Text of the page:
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What to Do When You Suspect That Your Loved One Is Developing Dementia

Alzheimer’s disease (AD), being a neurodegenerative disease, is the most common cause of dementia. However, dementia is only one of its many effects, although it is the most prominent one. Other effects include speech difficulties, uncoordinated motor sequences, difficulties in reading and writing as so forth.

Truth be told, watching a loved one suffer from AD is emotionally taxing. Since AD mostly presents itself in old age, a significant amount of people who’ve had a run-in with the disease experience it with their aging parents.

Most people’s experience with AD and dementia has been with their parents

A Losing Battle

It’s sad, right? You may be the patient’s primary caregiver, but the fact that there’s no cure yet or even any medication to reverse the neurodegeneration must weigh down on you. However comfortable you make the patient feel, you know that you are essentially fighting a losing battle.

That having being said, however, it doesn’t mean that you should throw in the towel. Medical professionals say that recognizing AD symptoms early enough means that something can be done about it, and it all starts with making the correct diagnosis.

Early diagnosis means that the patient’s wellbeing can be preserved for longer, but this being an emotional subject, you may wonder how you could act on your suspicion that a loved one is headed down the Alzheimer’s path.

Early diagnosis means that the patient’s wellbeing can be preserved for longer

In all honesty, sharing concerns about another person’s health, regardless of the relationship you share, can be quite unsettling. With AD, however, this could just be the best thing you ever do for them.

All the same, you have to choose your time wisely. According to Dr. Beanland of the Alzheimer’s Society, you should think about having this conversation the second you start noticing changes that affect the quality of life of the individual.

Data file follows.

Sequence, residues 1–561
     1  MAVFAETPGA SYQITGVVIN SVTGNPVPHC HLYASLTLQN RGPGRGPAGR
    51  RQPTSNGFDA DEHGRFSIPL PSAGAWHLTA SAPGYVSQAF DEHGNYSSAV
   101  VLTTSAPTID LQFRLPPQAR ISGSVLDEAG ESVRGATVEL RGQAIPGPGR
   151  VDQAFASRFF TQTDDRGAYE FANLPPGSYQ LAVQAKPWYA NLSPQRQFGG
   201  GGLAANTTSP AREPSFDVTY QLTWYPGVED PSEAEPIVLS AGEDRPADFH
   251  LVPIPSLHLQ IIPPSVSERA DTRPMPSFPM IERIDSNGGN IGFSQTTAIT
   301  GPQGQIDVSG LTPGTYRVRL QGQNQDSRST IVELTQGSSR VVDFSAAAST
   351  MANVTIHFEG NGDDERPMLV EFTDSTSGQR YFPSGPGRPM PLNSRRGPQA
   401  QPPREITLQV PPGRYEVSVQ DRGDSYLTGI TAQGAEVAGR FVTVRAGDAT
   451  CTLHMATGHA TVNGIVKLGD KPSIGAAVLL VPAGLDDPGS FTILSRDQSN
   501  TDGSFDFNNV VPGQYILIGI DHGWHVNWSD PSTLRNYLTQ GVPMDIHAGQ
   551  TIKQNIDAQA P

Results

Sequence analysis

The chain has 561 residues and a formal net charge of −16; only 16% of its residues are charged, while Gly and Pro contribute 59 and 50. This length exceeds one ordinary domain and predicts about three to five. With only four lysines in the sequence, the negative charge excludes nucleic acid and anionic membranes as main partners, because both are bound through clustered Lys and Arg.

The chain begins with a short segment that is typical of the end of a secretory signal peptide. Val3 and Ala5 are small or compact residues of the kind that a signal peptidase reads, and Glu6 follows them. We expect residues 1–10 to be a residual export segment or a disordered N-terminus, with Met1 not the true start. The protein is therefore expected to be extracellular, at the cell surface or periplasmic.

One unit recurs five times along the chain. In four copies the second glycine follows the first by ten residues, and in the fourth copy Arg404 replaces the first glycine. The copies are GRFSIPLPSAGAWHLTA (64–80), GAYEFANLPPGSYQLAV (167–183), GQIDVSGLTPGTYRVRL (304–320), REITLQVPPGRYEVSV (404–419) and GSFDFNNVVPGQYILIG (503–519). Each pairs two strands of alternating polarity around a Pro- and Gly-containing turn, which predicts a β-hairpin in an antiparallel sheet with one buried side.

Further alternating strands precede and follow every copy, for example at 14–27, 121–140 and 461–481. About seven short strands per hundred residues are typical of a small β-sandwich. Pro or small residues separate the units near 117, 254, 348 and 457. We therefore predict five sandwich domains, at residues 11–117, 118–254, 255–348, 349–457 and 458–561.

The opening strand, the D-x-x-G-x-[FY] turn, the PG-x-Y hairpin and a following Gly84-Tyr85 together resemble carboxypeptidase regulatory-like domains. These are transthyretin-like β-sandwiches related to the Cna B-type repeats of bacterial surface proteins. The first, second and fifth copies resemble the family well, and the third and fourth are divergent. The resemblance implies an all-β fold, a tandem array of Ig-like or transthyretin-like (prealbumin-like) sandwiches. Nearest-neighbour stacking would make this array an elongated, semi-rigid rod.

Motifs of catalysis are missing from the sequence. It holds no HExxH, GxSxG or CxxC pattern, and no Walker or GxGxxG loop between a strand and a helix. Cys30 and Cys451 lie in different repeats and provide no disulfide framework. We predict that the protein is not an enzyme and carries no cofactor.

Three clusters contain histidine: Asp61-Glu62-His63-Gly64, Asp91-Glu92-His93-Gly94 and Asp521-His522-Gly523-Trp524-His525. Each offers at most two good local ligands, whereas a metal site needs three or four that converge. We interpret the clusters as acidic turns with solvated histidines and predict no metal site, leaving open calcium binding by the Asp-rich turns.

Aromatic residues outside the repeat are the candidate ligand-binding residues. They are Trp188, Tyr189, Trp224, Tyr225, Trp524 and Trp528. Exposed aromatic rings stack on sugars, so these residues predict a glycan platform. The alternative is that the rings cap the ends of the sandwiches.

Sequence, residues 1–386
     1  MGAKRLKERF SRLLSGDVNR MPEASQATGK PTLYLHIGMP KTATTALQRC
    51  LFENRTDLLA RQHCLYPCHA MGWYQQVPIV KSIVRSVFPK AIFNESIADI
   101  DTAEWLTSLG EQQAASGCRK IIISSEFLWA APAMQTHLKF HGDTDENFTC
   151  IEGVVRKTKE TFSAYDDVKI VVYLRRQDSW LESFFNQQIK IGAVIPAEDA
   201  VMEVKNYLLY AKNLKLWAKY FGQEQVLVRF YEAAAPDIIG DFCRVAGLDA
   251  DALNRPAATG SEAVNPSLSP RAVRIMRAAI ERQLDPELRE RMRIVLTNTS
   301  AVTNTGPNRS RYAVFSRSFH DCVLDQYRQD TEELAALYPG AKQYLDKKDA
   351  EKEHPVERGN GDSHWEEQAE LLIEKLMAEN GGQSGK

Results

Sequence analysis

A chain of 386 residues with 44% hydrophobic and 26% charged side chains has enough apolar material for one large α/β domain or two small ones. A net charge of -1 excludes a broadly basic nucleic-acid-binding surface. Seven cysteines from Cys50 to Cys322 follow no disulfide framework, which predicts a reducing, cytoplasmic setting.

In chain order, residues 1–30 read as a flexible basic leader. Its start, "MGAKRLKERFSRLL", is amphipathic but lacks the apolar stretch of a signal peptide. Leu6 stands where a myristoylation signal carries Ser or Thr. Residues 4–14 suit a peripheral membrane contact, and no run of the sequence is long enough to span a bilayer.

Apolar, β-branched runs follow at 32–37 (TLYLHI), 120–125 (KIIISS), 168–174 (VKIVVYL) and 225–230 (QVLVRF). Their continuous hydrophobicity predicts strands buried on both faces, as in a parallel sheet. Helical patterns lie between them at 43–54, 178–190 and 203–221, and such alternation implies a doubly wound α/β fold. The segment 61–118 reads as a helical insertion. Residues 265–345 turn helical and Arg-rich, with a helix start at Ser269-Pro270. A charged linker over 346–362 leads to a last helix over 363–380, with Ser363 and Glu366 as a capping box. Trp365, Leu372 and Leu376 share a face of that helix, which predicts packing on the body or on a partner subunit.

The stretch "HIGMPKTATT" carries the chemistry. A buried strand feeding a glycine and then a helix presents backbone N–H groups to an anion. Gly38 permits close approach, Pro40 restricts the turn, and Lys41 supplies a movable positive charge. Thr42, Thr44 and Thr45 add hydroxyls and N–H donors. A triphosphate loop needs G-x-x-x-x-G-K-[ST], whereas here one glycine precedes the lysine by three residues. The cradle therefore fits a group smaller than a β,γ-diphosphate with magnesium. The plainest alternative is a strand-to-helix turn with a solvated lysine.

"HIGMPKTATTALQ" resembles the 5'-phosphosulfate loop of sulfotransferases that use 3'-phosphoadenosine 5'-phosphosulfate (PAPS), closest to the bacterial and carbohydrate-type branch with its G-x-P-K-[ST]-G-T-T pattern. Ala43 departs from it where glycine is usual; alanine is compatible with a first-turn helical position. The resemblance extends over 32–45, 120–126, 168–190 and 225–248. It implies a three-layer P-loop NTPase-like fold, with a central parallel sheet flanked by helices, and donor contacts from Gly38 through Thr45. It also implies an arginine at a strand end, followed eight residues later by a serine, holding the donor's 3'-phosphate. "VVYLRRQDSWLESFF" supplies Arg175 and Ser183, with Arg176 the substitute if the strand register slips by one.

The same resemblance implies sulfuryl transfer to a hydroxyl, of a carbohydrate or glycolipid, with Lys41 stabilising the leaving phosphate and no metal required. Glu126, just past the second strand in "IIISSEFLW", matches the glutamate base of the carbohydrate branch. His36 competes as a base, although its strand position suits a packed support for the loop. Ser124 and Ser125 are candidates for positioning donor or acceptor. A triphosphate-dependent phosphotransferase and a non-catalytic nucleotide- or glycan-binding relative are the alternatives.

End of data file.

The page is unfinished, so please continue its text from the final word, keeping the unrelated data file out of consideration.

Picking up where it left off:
It could be having silly accidents at home that never used to happen before, an unexplained change in their routine and orderliness, changes in their driving – you get the point. If these things start surfacing, this is the opportune time to sit them down and bring up the need for urgent professional help.

Are You Perfect for this Conversation?

But the question still remains, how exactly do you do this? For some, they may have noticed these changes themselves and thought to themselves that something could be wrong. Others, not so much. Either way, the first thing you should do is ask yourself if you’re the perfect candidate for this type of conversation.

Naturally, the answer to this lies within the nature of your relationship with the patient. If you’re the right candidate for the task at hand, then Dr. Beanland advises that you should find a quiet place to talk, one that is free from distractions.

On how to break the ice, the doctor says that you shouldn’t jump right in and tell them that you think they’ve got dementia. Instead, start with saying that you’re worried about them because of recent changes you’ve noticed, and ask them if they’ve seen them too.

Don’t jump right in. Instead, talk to them slowly

If they agree with you, you should then set up an appointment with a General Practitioner (GP), who can the advice you further. If the person insists that there’s nothing wrong with them, visit their GP yourself and tell them of your concerns.

Although the doctor won’t share their patient’s information with you, you’ll have helped the patient in a massive way.

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